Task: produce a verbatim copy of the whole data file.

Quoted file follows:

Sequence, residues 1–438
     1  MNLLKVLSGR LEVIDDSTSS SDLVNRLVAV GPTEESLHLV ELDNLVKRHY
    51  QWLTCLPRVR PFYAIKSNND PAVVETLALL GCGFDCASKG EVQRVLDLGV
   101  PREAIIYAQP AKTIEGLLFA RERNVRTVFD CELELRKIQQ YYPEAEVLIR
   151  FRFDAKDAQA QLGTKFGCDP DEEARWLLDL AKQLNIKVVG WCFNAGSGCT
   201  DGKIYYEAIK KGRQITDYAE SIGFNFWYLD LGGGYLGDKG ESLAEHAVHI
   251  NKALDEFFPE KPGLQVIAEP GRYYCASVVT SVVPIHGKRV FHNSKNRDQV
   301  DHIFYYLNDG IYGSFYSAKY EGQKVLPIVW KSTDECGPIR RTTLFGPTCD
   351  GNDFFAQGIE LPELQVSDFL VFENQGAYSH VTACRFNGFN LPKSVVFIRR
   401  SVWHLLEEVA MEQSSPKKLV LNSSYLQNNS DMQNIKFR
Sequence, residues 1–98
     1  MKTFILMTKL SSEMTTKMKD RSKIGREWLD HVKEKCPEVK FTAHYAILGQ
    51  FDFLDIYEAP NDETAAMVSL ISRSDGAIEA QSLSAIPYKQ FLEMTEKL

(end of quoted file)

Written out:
Sequence, residues 1–438
     1  MNLLKVLSGR LEVIDDSTSS SDLVNRLVAV GPTEESLHLV ELDNLVKRHY
    51  QWLTCLPRVR PFYAIKSNND PAVVETLALL GCGFDCASKG EVQRVLDLGV
   101  PREAIIYAQP AKTIEGLLFA RERNVRTVFD CELELRKIQQ YYPEAEVLIR
   151  FRFDAKDAQA QLGTKFGCDP DEEARWLLDL AKQLNIKVVG WCFNAGSGCT
   201  DGKIYYEAIK KGRQITDYAE SIGFNFWYLD LGGGYLGDKG ESLAEHAVHI
   251  NKALDEFFPE KPGLQVIAEP GRYYCASVVT SVVPIHGKRV FHNSKNRDQV
   301  DHIFYYLNDG IYGSFYSAKY EGQKVLPIVW KSTDECGPIR RTTLFGPTCD
   351  GNDFFAQGIE LPELQVSDFL VFENQGAYSH VTACRFNGFN LPKSVVFIRR
   401  SVWHLLEEVA MEQSSPKKLV LNSSYLQNNS DMQNIKFR
Sequence, residues 1–98
     1  MKTFILMTKL SSEMTTKMKD RSKIGREWLD HVKEKCPEVK FTAHYAILGQ
    51  FDFLDIYEAP NDETAAMVSL ISRSDGAIEA QSLSAIPYKQ FLEMTEKL